-  - The secondary goal of the technostructure is growth, measured in sales volumes. ​ This, two, is an act of self-preservation on the part of the technostructure. ​ A contraction in sales volumes in the mature corporation threatens the secure tenure of members of the technostructure. ​ Even those not immediately vulnerable to unemployment will be far more adverse ​to seeing ​member ​of the technostructure made unemployed than they would be of blue collar workers. ​ Decisions to make people redundant must be made within the technostructure itself, and "do not have the agreeable impersonality which is associated with firing someone at a greater distance, or of a different social class."​((p180.)) ​ The main defence mechanism against contraction is a modest expansion --- thus sales growth represents a solid survival strategy for members of the technostructure. ​ Moreover, growth represents a key means of maximising pecuniary return for members of the technostructure. ​ An expansion of the technostructure within the corporation provides more opportunities for promotion and usually greater remuneration,​ and those employees responsible for the growth are likely to be the favoured candidates. ​ Sales growth, far more than dividend growth, is in the personal financial interest of the technostructure.+  - The secondary goal of the technostructure is growth, measured in sales volumes. ​ This, two, is an act of self-preservation on the part of the technostructure. ​ A contraction in sales volumes in the mature corporation threatens the secure tenure of members of the technostructure. ​ Even those not immediately vulnerable to unemployment will be far more averse ​to seeing ​members ​of the technostructure made unemployed than they would be of blue collar workers. ​ Decisions to make people redundant must be made within the technostructure itself, and "do not have the agreeable impersonality which is associated with firing someone at a greater distance, or of a different social class."​((p180.)) ​ The main defence mechanism against contraction is a modest expansion --- thus sales growth represents a solid survival strategy for members of the technostructure. ​ Moreover, growth represents a key means of maximising pecuniary return for members of the technostructure. ​ An expansion of the technostructure within the corporation provides more opportunities for promotion and usually greater remuneration,​ and those employees responsible for the growth are likely to be the favoured candidates. ​ Sales growth, far more than dividend growth, is in the personal financial interest of the technostructure.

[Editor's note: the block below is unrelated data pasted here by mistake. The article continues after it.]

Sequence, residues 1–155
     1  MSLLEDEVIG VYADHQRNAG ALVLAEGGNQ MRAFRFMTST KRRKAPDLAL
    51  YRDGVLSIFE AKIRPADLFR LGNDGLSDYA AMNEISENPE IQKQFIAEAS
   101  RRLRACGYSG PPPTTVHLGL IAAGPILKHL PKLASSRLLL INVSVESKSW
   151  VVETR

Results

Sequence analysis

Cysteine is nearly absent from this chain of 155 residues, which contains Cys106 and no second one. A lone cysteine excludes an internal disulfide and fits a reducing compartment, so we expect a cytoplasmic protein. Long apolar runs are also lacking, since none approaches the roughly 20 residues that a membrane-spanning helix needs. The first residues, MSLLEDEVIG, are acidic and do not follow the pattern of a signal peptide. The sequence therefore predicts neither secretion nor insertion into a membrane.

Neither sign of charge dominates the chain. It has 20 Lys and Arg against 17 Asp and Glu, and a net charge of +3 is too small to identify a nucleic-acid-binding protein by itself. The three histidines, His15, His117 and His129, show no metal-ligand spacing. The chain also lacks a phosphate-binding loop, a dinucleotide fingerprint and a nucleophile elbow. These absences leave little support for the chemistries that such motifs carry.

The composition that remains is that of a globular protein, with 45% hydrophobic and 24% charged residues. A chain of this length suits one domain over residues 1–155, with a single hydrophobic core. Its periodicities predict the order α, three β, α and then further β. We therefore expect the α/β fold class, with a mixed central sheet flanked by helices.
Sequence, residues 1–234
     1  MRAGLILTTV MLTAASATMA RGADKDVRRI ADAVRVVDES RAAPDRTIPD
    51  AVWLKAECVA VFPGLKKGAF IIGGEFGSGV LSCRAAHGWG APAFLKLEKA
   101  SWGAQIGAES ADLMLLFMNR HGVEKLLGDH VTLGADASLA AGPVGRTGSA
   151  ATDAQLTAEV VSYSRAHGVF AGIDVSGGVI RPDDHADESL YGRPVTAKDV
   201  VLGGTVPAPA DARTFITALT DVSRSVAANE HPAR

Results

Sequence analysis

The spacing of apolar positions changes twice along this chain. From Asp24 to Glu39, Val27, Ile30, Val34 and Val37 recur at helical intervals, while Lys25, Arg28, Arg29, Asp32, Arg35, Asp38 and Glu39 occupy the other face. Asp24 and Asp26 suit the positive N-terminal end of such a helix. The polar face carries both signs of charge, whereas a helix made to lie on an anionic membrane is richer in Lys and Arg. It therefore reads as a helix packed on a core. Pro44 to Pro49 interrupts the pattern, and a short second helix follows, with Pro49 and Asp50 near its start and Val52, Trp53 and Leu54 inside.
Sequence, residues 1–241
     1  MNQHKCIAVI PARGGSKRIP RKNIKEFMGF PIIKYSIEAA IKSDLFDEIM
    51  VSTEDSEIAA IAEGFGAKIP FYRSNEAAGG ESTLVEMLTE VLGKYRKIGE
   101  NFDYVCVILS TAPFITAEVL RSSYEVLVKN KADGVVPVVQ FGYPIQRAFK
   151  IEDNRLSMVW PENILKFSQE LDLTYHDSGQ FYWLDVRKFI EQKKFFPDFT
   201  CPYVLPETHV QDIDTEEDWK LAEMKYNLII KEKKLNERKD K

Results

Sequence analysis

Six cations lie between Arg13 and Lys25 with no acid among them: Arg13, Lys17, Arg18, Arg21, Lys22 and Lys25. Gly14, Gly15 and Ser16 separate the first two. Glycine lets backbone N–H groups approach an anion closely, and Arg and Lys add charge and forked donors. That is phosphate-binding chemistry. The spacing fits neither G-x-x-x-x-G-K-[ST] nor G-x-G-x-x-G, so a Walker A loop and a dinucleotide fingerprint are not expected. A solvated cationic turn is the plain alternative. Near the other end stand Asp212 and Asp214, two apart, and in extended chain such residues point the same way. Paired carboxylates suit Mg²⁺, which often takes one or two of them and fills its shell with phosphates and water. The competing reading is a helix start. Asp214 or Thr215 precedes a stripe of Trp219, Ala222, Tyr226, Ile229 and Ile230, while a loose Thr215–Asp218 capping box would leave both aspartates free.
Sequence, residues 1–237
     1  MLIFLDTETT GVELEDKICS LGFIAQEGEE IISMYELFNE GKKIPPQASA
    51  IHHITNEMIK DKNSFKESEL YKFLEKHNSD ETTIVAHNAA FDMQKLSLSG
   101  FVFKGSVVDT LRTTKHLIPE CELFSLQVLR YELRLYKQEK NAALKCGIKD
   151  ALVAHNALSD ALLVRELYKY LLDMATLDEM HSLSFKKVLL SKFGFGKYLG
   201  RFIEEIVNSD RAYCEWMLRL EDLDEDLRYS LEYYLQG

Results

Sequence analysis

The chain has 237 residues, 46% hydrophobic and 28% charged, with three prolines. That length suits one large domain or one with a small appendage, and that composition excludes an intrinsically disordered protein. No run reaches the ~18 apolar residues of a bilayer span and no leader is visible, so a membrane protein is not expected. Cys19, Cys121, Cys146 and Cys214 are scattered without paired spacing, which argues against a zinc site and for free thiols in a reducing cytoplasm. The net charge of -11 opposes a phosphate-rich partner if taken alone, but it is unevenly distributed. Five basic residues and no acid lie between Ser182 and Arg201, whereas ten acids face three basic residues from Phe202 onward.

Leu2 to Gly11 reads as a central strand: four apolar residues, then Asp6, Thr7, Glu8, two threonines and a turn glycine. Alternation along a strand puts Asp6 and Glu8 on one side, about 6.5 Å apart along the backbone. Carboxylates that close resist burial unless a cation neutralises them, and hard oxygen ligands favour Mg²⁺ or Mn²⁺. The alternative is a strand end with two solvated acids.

- No further goals can be allowed to interfere with the first two, but if both of the first two goals are met, then further aims are possible. ​ The third is likely to be technical virtuosity. ​ This is often appreciated by members of the technostructure in its own right. ​ It also reinforces the position of the technostructure --- the technostructure came to power on the back of technological complexity, and ever-expanding technological complexity assures the corporation'​s ever-increasing dependence on the technostructure. ​ However, serious research and development is often risky, and a goal such as technical virtuosity cannot possibly be allowed to conflict with the primary goal of securing a minimum income. ​ Consequently,​ the cost and risk of technological development is passed off to the state.   - No further goals can be allowed to interfere with the first two, but if both of the first two goals are met, then further aims are possible. ​ The third is likely to be technical virtuosity. ​ This is often appreciated by members of the technostructure in its own right. ​ It also reinforces the position of the technostructure --- the technostructure came to power on the back of technological complexity, and ever-expanding technological complexity assures the corporation'​s ever-increasing dependence on the technostructure. ​ However, serious research and development is often risky, and a goal such as technical virtuosity cannot possibly be allowed to conflict with the primary goal of securing a minimum income. ​ Consequently,​ the cost and risk of technological development is passed off to the state.
-  - Of similar importance to (3), and with a conscious concession to economic orthodoxy, an increase in the rate of dividends is clearly amongst the corporation'​s goals. ​ However, it is clear that this goal must not be allowed to interfere with (2).  "​Nothing better suggests the primacy of growth to profit than the vehemence with which the sacrifice ​growth to profit would be condemned as unsound business practice."​((p183.))+  - Of similar importance to (3), and with a conscious concession to economic orthodoxy, an increase in the rate of dividends is clearly amongst the corporation'​s goals. ​ However, it is clear that this goal must not be allowed to interfere with (2).  "​Nothing better suggests the primacy of growth to profit than the vehemence with which the sacrifice ​of growth to profit would be condemned as unsound business practice."​((p183.))